“You have no idea, I suppose, what a drawback it was to him on all occasions. It got so that he didn’t dare to open his lips in the prayer meeting. He would look all around him to see whether anybody was speaking, but some of the members had a way of keeping their seats when they talked, so he found that he couldn’t tell by their position, and once or twice he arose and began to pray when someone was talking; he was a different man, and it embarrassed him dreadfully. Then he used to say that he never knew whether what he had to offer was in line with what had been said or was very wide of the mark; and if the minister asked him to pray, he had to shout out the request, and sometimes poor Mr. Miller couldn’t hear it, and his wife would have to give his elbow a nudge and lean over and whisper to him loud enough for all the house to hear, ‘He wants you to lead in prayer!’

“It was a real embarrassment all around. People didn’t wonder that he gradually grew into the feeling that he couldn’t take part very often in religious meetings, though I never thought that was right. I always believed that his prayers would be in line with what the Lord wanted to have said and that he would be safe enough whether he followed the line of the others or not.

“So it went on, Daniel Miller growing deafer and deafer, and the patient, sad look on his face deepening, and the feeling growing in his heart that he wasn’t of any use to the church of Christ that he loved with all his soul.

“One day somebody in that church had an inspiration. ‘I tell you what it is,’ one of the members said, bringing down his doubled-up fist on the seat before him for emphasis, ‘I believe we ought to make Daniel Miller our treasurer. That thing would suit him, and he is just the man to do the work.’

“‘But Daniel Miller is so deaf,’ objected one. ‘He grows worse and worse; I notice that his wife always has to find the hymns for him, and the place in the Bible, and point to the text!’

“‘What if he is deaf?’ said his champion. ‘A man doesn’t have to hear in order to add money and keep accounts, and make out bills and send them out, and keep everything straight. I believe it is work that he could do, and I believe it would do him good; make him feel that he can do something for the church, and that we have confidence in him. I tell you what it is, brethren, I’m going to propose his name at our next election.’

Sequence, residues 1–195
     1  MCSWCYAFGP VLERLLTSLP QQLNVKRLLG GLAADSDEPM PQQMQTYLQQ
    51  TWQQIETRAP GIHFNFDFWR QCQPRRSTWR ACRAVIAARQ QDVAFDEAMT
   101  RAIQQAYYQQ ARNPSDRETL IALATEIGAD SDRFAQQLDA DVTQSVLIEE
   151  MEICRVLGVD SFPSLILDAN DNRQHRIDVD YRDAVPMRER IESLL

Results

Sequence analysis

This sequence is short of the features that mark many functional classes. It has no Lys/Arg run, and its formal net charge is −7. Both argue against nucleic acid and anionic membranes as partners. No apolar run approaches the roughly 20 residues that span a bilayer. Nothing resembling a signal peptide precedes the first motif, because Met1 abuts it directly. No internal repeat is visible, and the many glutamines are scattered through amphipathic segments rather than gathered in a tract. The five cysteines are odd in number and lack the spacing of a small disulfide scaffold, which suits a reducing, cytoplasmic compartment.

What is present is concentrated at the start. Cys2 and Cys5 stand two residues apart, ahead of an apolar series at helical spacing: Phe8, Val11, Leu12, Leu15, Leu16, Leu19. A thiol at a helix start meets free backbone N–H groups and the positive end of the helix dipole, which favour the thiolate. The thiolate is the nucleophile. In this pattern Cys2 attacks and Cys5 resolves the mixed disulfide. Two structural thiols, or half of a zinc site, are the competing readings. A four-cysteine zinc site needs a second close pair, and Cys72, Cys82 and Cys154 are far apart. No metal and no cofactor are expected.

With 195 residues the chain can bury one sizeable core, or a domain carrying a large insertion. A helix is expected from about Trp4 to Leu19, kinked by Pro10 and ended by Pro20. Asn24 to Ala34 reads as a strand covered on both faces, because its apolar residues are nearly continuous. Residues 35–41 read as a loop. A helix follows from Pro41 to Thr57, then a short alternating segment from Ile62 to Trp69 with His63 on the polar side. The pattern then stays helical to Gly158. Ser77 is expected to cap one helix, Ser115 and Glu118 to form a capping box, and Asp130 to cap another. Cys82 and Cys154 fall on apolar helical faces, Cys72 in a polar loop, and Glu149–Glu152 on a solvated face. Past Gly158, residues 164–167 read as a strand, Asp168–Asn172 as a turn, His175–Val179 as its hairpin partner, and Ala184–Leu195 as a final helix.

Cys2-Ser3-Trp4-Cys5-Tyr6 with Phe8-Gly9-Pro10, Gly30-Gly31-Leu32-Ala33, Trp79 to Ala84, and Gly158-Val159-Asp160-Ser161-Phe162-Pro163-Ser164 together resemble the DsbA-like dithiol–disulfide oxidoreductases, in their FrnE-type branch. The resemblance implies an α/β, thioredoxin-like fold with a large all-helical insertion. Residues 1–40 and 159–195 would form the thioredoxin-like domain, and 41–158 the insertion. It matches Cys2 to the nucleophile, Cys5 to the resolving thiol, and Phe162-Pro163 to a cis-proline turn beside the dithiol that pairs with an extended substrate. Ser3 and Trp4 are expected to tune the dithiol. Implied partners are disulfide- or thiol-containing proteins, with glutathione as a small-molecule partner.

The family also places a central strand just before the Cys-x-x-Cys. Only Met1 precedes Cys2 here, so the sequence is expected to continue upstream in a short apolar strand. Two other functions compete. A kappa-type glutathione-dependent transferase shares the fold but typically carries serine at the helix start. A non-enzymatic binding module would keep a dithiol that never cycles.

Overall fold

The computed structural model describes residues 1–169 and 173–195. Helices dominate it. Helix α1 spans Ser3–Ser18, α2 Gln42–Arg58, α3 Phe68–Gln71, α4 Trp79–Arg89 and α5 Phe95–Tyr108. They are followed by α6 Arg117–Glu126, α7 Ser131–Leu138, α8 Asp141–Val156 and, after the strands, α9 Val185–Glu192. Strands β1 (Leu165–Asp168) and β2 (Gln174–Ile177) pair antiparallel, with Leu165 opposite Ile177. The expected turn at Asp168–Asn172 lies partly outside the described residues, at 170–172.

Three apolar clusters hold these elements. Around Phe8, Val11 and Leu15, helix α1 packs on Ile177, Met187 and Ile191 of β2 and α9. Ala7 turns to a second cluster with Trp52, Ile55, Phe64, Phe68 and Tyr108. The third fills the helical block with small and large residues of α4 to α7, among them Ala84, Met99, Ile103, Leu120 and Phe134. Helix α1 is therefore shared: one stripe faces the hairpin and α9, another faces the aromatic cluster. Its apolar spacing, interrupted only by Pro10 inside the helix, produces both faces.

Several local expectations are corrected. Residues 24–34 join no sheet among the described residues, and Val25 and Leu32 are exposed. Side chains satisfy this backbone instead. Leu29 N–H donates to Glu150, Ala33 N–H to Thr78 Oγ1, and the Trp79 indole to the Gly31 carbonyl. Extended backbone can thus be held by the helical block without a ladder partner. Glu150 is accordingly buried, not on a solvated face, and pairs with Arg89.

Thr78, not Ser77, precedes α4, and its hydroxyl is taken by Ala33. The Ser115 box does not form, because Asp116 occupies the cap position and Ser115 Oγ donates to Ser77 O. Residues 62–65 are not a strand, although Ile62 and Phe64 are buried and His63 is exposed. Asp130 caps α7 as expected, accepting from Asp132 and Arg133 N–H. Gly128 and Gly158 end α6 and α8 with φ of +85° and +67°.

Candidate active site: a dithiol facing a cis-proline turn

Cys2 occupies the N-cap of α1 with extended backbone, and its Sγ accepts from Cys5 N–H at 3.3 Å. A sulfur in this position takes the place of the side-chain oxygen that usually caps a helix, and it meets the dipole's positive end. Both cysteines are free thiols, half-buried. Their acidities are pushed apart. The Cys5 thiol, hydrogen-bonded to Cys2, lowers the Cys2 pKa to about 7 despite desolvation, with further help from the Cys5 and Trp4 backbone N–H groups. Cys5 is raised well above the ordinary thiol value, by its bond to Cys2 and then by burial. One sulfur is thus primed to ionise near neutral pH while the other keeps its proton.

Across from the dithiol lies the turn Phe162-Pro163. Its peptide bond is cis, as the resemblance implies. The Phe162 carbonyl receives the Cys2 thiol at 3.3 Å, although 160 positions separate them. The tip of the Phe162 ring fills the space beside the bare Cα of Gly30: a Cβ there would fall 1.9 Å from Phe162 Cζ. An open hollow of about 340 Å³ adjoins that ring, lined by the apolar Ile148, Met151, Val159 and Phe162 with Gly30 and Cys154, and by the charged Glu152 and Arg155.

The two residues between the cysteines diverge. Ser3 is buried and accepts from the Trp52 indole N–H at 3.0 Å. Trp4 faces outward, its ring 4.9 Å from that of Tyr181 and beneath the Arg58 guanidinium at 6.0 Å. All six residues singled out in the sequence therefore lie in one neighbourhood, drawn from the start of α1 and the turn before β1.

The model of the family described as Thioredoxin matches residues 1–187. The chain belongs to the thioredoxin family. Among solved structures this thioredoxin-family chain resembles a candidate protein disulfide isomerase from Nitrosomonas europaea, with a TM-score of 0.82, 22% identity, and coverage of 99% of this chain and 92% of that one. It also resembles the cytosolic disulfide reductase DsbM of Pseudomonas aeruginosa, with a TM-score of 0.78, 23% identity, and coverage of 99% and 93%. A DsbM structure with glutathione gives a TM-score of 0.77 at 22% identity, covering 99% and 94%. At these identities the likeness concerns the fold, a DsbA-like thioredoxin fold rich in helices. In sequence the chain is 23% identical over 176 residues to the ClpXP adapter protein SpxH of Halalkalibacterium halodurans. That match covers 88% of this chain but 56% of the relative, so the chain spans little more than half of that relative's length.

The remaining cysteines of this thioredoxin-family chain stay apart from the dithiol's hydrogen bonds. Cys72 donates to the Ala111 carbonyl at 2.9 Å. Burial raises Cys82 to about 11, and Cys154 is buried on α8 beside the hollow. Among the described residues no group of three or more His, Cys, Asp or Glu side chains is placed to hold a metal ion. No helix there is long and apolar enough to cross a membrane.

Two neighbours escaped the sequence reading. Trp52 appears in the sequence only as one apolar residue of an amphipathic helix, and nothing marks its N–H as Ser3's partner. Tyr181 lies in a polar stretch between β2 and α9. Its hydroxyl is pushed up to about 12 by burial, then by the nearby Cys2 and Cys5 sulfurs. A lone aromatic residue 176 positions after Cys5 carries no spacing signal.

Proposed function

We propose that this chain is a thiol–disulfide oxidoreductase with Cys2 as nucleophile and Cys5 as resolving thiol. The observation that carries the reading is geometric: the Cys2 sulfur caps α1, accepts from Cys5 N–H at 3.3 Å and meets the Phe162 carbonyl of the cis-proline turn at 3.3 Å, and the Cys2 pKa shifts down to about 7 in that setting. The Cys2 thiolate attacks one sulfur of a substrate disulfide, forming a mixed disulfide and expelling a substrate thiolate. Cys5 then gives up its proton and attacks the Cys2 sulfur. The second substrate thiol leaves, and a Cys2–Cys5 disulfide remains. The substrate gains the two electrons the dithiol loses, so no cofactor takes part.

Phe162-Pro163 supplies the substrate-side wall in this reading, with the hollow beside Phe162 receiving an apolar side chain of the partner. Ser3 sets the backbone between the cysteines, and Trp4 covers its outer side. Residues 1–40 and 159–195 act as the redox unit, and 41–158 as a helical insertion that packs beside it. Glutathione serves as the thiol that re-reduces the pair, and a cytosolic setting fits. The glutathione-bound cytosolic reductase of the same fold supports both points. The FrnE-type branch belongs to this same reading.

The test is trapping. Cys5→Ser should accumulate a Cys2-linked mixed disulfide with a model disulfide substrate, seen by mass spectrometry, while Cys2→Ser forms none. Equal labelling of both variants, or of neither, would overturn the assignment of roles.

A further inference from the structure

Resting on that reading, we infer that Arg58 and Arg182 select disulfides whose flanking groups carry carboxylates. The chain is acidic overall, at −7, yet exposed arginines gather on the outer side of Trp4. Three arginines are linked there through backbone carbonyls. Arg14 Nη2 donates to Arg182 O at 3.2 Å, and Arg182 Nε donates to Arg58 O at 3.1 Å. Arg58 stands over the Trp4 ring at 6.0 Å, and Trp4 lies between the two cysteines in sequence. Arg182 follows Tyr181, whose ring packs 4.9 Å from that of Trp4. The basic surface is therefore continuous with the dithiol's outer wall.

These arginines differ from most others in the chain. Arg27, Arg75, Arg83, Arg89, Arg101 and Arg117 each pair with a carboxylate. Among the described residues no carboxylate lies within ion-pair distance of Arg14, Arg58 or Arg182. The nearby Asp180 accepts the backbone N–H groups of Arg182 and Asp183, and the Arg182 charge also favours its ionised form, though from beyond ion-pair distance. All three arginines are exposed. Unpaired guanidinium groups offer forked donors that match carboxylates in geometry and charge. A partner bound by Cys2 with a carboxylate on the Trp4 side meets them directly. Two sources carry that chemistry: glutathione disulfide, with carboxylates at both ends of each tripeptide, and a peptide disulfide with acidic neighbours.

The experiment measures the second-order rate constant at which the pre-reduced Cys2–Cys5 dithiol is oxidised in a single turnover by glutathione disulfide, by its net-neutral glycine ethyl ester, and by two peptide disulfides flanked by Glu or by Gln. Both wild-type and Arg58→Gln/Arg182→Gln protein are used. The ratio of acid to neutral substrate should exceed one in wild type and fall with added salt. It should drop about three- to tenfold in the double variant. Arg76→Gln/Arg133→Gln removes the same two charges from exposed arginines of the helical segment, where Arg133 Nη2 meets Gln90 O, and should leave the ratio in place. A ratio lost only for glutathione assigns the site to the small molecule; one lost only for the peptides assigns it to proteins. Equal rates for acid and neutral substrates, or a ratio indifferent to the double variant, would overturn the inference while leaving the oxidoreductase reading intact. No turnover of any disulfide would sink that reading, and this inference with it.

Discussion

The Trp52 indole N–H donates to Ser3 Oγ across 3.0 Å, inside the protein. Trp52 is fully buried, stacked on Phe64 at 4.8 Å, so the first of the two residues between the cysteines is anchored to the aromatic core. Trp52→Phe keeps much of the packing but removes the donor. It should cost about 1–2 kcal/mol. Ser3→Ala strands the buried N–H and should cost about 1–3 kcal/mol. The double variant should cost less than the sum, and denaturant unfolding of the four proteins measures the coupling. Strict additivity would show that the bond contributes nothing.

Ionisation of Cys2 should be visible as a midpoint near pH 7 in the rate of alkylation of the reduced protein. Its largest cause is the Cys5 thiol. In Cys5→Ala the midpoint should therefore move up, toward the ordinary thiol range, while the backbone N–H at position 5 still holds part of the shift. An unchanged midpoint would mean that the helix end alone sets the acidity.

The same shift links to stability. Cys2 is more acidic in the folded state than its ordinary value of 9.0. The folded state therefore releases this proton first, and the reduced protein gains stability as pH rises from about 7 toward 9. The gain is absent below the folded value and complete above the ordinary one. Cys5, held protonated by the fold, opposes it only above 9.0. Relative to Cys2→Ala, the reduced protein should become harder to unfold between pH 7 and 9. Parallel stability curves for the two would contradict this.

“Well, he was as good as his word, and sure enough, all the people said ‘Amen.’ They did it with so much enthusiasm and with such a look on their faces that said, ‘What a splendid idea! I wonder we never thought of it before,’ that there was quite an excitement, and Mrs. Miller looked about her, and the tears began to gather in her eyes, and she put her head down suddenly on the seat in front of her. She was a grand, good woman—a helpmate to her good husband in every sense of the word.

“Well, Daniel Miller looked around with that meek, inquiring look on his face, a little troubled, as much as to say, ‘Are you having a good time, brethren, or is there something going on in the Lord’s house that oughtn’t to be? I’m jealous for his honor; I hope all is well.’

“The chairman got out of his chair of office and went down the aisle, bent over Mr. Miller, and said in a good, loud voice, ‘You have been elected our church treasurer by a unanimous vote.’

“You ought to have seen his face then; it was a picture. It flushed and glowed, and his eyes grew dim, and his lips quivered, and it seemed for a minute that he couldn’t speak at all. Then he stammered out something about not being fitted for the work—his infirmity being so great; he wished he could do something, he would be glad to if he could, but maybe it was a risk to try it.

“Then the chairman put down his mouth to his ear again and called out, ‘We all stand ready to go your security, every one of us.’